The Haridra Sarovar lake in the story of Bagalamukhi represents the Solar-Plexus Chakra, whose colour is golden yellow.

The opposite colour in the spectrum to yellow is Indigo.

The indigo Chakra is the Agya Chakra at the Third-Eye, with which the Solar-Plexus is connected as its opposite.

The Third-Eye is ruled by the dark Moon, whereas the Solar plexus is ruled by the sun, as its name suggests.

At the time of the dark Moon the fluidic currents move away from the Third-Eye and sink to the base as the tide descends.

This monthly occurrence has the effect to release the tension of the upper currents and therefore open the Third-Eye.

This is at the root behind why the Yogins work with the spirits and the ancestors on dark Moon days… when they are most visible, because of the opening of the Third-Eye.

At the dark Moon, the sun and the Moon are at the closet point they get to each other in a month.

This is a subject worthy of meditation when considering Bagalamukhi as the Goddess of both the solar-plexus Chakra and it’s opposite at the Third-Eye.

The two coexist as opposite polarities which are meant to live in balance if harmony is to be.

It is of note that the Jayanti Moon of Balagamukhi is on the half Moon balance of dark and light.

In Tantra, opposite polarities hold a secret: they both attract and repel each other at the same time, just like night and day, hot and cold, man and woman.

For the Tantric, opposites, and the place where they meet and kiss are investigated through ritual focus.

When polarities exist in perfect balance,
a vision of love is glimpsed.
This vision is revealed by
Bagalamukhi’s golden gaze.

Bagalamukhi is worshipped on this night.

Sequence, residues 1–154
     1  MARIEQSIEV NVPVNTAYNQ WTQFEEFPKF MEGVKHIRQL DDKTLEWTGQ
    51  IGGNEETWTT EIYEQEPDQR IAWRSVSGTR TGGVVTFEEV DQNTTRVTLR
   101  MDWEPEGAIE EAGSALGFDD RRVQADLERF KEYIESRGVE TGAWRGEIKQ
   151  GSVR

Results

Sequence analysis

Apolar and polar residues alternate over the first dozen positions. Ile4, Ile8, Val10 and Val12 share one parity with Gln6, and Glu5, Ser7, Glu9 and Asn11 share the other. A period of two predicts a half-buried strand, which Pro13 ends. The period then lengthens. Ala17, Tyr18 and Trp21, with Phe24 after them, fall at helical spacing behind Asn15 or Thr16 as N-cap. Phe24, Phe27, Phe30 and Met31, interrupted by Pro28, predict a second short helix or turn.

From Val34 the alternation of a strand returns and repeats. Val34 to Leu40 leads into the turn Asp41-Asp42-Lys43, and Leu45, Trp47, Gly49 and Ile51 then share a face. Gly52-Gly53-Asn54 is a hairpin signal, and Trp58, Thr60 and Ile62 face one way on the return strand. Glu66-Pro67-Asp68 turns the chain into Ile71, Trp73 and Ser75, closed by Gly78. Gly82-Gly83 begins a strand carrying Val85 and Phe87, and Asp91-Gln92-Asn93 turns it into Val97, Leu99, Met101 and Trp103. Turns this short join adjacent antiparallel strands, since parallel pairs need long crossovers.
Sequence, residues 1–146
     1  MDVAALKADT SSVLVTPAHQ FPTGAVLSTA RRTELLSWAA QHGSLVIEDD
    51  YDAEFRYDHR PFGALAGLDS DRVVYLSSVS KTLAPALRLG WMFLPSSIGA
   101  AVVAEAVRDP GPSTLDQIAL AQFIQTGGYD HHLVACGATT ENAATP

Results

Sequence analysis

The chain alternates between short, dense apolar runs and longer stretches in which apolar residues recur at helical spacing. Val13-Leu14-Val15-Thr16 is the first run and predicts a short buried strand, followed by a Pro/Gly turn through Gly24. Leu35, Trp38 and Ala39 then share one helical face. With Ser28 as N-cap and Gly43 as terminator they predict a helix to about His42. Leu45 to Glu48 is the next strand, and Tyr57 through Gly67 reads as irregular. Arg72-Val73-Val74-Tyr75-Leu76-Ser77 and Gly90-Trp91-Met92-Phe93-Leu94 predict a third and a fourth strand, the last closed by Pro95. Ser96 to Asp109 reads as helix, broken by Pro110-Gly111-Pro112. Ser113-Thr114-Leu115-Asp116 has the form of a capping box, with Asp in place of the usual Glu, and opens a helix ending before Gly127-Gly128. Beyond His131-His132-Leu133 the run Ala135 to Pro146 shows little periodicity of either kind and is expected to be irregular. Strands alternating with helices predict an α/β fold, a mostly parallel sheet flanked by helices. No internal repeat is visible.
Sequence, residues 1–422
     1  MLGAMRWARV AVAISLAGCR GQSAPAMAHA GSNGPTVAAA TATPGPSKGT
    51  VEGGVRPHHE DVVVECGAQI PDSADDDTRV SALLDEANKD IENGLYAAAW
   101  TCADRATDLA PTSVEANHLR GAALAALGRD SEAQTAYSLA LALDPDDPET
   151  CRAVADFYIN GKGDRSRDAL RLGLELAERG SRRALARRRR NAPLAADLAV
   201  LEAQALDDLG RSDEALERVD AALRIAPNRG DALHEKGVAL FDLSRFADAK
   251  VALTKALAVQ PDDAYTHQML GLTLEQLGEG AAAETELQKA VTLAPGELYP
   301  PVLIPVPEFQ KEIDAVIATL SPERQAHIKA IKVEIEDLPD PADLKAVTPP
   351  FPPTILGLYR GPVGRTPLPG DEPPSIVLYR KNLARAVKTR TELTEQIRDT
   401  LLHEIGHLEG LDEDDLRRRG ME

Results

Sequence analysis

Her ritual work can help in finding the opposing polarities within us, and making us aware of the attraction and magnetism between them.

Bagalamukhi reveals a vision that can restore balance within our inner and outer worlds.

She is verily a bridge between the spoken and the unspoken worlds.


Bagalamukhi is the Goddess force who arrests the movement of the clouds in the psychic sky of our spirit.

We might be all-to-used to the pattern of the movements of our inner thought forms and structures.

They may be taken as a normality and something that we hold dear to and nourish.

The Tantric comes to recognise the structures of the self,

The Tantric recognises the forms within themselves that that are opaque and impenetrable.

By studying the psychic sky of the self, the Tantric practitioner learns to recognise the clouds that obscure the vision of the Goddess.

is she who creates a pause
in the familiar and habitual patterns
of the movement of the psyche world
that we live within.

Pitambari, in her paralyzing golden pause, brings us to discover the translucent spheres of being, where visions are glimpsed.

The closer in contact we come to her, the clearer the vision of the Goddess becomes.


Kechari Mudra is the practice of working with the tongue.

The tongue is the intersection between the polarities of the Solar-Plexus and the Third-Eye, while at the same time, it connects the energies of the sexual and throat Chakras together.

Tantra prescribes many techniques of working with the tongue.

The nerves of the tongue are profoundly related to the Solar-Plexus and sexual nerves.

The Vagus nerve and the Chakras can all get stimulated through the practice of the Mudras of the tongue.

The different Mudra placements of the tongue which are carried out in Bagalamukhi ritual, all have their specific and unique effects upon the energies of the Chakras.

Applying and investigating these Mudras are part Bagalamukhi ritual worship.

Kechari Vidya (wisdom of Kechari) is a secret practice that is initiated upon Bagalamukhi Jayanti.

Specific Mudra and Mantra, in combination with the movements of the tongue can send the energy up to the Third-Eye, or down to the solar and sexual sexual Chakra.